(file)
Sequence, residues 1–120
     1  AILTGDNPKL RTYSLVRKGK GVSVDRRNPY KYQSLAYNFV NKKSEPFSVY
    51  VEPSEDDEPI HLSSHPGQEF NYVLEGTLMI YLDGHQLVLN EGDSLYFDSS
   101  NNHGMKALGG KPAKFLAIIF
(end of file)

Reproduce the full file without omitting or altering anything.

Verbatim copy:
Sequence, residues 1–120
     1  AILTGDNPKL RTYSLVRKGK GVSVDRRNPY KYQSLAYNFV NKKSEPFSVY
    51  VEPSEDDEPI HLSSHPGQEF NYVLEGTLMI YLDGHQLVLN EGDSLYFDSS
   101  NNHGMKALGG KPAKFLAIIF